The Indian Monsoon is expected to be influenced by the El Nino phenomenon in 2023, there are also anticipations of a positive Indian Ocean Dipole (IOD) developing, which could potentially offset the impact of El Nino.
GS I: Geography
Dimensions of the Article:
- Indian Ocean Dipole (IOD)
- El Nino Southern Oscillation (ENSO)
- Impact of Indian Ocean Dipole (IOD)
Indian Ocean Dipole (IOD)
- The Indian Ocean Dipole (IOD), sometimes referred to as the Indian Nino, is a phenomenon similar to El Nino.
- It occurs in a relatively smaller area of the Indian Ocean, between the Indonesian and Malaysian coastline in the east and the African coastline near Somalia in the west.
- In the IOD, one side of the ocean along the equator becomes warmer than the other.
- A positive IOD occurs when the western side of the Indian Ocean, near the Somalia coast, becomes warmer than the eastern Indian Ocean.
- Conversely, a negative IOD indicates cooler temperatures in the western Indian Ocean.
- Air circulation in the Indian Ocean basin moves from west to east near the surface and in the opposite direction at the upper levels.
- Warmer waters from the western Pacific cross into the Indian Ocean, causing a slight temperature rise in that region.
- During normal years, this leads to the rising of air and helps maintain the prevailing air circulation.
- In years when the air circulation becomes stronger, more warm surface waters from the African coast are pushed towards the Indonesian islands, resulting in a warmer western Indian Ocean.
- Hotter air rises, reinforcing the cycle of a negative IOD.
- Air circulation becomes weaker than normal, and in rare cases, it may even reverse direction.
- As a result, the African coast becomes warmer, while the Indonesian coastline experiences cooler temperatures.
- Positive IOD events often occur during El Nino periods, while negative IOD is sometimes associated with La Nina.
- The cooling effect of El Nino on the Pacific side of Indonesia contributes to the development of a positive IOD in the Indian Ocean.
El Nino Southern Oscillation (ENSO)
- The El Nino Southern Oscillation (ENSO) is a climate phenomenon that affects the Pacific Ocean and has global weather implications.
- In a normal year, the eastern side of the Pacific Ocean near the northwestern coast of South America is cooler compared to the western side near the islands of the Philippines and Indonesia.
- This temperature difference arises due to prevailing wind systems that move from east to west, pushing warmer surface waters toward the Indonesian coast.
- As the warm surface waters are displaced, relatively cooler waters from deeper levels rise up to replace them.
- During an El Nino event, there is a weakening of the wind systems, resulting in less displacement of the warmer waters.
- This causes the eastern side of the Pacific Ocean to become warmer than usual. The opposite occurs during La Nina.
- El Nino and La Nina are two phases of ENSO.
- Both El Nino and La Nina have widespread effects on weather patterns globally.
- In India, El Nino has the impact of suppressing monsoon rainfall.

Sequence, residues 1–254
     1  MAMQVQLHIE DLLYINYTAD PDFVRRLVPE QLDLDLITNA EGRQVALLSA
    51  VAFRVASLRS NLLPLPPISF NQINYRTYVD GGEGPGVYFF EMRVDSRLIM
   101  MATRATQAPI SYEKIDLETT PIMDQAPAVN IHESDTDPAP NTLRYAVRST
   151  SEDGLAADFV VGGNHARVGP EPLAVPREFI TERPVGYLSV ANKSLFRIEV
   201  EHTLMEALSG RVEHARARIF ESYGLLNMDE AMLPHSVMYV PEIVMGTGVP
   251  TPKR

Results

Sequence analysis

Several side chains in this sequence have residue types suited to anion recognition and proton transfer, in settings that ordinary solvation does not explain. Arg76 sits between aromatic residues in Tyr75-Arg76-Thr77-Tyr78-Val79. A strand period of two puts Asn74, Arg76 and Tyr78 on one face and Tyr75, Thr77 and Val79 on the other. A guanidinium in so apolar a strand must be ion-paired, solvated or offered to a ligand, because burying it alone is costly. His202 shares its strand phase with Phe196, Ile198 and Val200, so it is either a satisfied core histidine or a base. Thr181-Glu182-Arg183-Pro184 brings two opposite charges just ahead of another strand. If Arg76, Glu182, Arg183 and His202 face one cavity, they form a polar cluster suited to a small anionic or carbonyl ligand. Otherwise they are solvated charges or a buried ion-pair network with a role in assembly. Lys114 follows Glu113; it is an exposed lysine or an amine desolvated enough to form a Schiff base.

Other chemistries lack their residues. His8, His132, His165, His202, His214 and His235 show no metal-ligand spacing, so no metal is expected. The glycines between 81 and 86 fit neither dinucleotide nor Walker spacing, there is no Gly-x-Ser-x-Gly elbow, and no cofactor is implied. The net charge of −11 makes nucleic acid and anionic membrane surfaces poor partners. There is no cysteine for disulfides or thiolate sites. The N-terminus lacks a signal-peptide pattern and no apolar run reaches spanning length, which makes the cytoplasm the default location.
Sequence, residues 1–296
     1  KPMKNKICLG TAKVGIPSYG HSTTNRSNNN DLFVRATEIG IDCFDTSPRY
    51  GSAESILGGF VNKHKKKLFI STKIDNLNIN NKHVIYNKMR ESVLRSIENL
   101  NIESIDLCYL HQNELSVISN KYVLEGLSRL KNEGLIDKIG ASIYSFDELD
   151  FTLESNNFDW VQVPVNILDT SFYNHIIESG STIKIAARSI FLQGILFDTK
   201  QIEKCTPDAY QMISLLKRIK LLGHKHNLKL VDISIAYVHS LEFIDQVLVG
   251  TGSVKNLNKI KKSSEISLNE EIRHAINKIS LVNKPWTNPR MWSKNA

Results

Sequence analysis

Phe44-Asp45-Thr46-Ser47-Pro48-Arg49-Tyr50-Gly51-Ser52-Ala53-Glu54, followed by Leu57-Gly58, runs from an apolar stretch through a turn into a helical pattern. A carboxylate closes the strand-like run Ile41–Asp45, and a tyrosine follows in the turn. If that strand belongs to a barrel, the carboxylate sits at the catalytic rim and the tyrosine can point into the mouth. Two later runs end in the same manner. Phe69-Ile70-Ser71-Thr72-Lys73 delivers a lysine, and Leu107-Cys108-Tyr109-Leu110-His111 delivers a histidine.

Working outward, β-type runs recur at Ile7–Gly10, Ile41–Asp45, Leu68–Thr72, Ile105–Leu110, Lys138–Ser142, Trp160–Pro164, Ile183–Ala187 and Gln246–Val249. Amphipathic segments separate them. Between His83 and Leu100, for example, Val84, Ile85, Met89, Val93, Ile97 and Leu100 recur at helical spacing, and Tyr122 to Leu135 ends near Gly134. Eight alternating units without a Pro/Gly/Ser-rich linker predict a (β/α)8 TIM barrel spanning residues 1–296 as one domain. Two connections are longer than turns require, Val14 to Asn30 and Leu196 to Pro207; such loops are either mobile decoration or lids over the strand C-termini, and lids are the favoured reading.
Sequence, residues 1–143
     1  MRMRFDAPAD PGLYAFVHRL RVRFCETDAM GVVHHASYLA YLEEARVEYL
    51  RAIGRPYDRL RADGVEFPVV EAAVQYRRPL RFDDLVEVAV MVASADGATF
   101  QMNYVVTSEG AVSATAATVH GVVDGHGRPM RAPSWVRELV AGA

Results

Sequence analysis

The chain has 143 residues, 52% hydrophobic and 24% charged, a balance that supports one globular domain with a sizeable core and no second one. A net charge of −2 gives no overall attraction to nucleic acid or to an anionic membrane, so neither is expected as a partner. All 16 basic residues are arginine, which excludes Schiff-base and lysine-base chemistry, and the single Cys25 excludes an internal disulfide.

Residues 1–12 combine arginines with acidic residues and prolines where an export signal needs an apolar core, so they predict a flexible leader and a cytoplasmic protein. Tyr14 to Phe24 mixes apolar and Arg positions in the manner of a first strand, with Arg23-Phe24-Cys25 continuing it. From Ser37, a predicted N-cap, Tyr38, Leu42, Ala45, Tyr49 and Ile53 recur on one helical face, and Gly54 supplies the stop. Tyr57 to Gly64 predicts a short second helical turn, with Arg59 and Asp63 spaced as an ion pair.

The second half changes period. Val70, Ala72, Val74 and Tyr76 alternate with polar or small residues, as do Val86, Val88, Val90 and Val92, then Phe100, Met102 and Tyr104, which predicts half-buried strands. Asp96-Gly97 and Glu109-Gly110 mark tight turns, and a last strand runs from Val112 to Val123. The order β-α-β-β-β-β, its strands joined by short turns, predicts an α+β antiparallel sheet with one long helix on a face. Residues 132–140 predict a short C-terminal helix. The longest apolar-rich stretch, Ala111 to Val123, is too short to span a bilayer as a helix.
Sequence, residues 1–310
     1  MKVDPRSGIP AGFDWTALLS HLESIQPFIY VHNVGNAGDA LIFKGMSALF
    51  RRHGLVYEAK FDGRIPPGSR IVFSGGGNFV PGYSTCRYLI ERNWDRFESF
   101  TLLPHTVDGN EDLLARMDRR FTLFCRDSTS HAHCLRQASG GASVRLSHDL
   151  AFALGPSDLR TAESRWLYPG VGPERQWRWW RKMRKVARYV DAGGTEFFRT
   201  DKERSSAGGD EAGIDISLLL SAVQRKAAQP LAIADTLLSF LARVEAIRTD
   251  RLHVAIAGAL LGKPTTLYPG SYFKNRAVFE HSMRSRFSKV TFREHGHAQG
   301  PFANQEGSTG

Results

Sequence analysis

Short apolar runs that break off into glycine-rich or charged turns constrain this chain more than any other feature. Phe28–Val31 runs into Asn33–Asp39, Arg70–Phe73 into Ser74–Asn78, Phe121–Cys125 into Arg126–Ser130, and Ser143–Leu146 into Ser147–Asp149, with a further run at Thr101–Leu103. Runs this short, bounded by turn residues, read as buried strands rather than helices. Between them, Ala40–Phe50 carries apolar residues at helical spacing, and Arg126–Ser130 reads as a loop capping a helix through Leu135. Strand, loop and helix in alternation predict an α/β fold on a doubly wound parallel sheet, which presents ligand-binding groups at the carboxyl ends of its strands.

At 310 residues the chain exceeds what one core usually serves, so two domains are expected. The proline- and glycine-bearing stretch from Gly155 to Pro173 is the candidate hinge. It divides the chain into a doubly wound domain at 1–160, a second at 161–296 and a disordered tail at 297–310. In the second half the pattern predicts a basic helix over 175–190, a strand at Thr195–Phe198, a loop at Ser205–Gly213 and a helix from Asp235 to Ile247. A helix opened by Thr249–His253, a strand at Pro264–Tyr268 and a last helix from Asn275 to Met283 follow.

- El Niño is the warm phase of the El Niño–Southern Oscillation (ENSO) and is associated with a band of warm ocean water that develops in the central and east-central equatorial Pacific (between approximately the International Date Line and 120°W), including the area off the Pacific coast of South America.
- The ENSO is the cycle of warm and cold sea surface temperature (SST) of the tropical central and eastern Pacific Ocean.
- El Niño is accompanied by high air pressure in the western Pacific and low air pressure in the eastern Pacific.
- During the development of El Niño, rainfall develops between September–November.
- The cool phase of ENSO is La Niña, with SSTs in the eastern Pacific below average, and air pressure high in the eastern Pacific and low in the western Pacific.
- The ENSO cycle, including both El Niño and La Niña, causes global changes in temperature and rainfall.
- La Niña is a coupled ocean-atmosphere phenomenon that is the colder counterpart of El Niño, as part of the broader El Niño–Southern Oscillation (ENSO) climate pattern.
- It is a coupled ocean-atmosphere phenomenon that is the colder counterpart of El Niño, as part of the broader El Niño–Southern Oscillation (ENSO) climate pattern.
- During a period of La Niña, the sea surface temperature across the equatorial Eastern Central Pacific Ocean will be lower than normal by 3 to 5 °C (5.4 to 9 °F).
- An appearance of La Niña persists for at least five months.
- It occurs as strong winds blow warm water at the ocean’s surface from South America across the Pacific Ocean towards Indonesia.
- As this warm water moves west, cold water from the deep sea rises to the surface near South America.
- As a result, it is considered to be the cold phase of the broader El Niño–Southern Oscillation weather pattern, as well as the opposite of El Niño weather pattern.
Impact of Indian Ocean Dipole (IOD)
- The Indian Ocean Dipole (IOD) exhibits an ocean-atmosphere interaction that resembles the fluctuations observed during El Nino events in the Pacific Ocean. However, the IOD is relatively less powerful than El Nino, resulting in relatively minimal impacts.
- During a positive IOD event, rainfall increases along the African coastline and over the Indian subcontinent, while rainfall is suppressed over Indonesia, Southeast Asia, and Australia. The impacts are opposite during a negative IOD event.
- In 2019, an IOD event developed during the late monsoon season. It was so strong that it compensated for the deficit rainfall experienced during the first month of the monsoon season (June, which had a 30% rainfall deficiency that year).
- The deficit in June 2019 was also attributed to a developing El Nino, but the El Nino weakened and did not have a significant impact later on.
-Source: Indian Express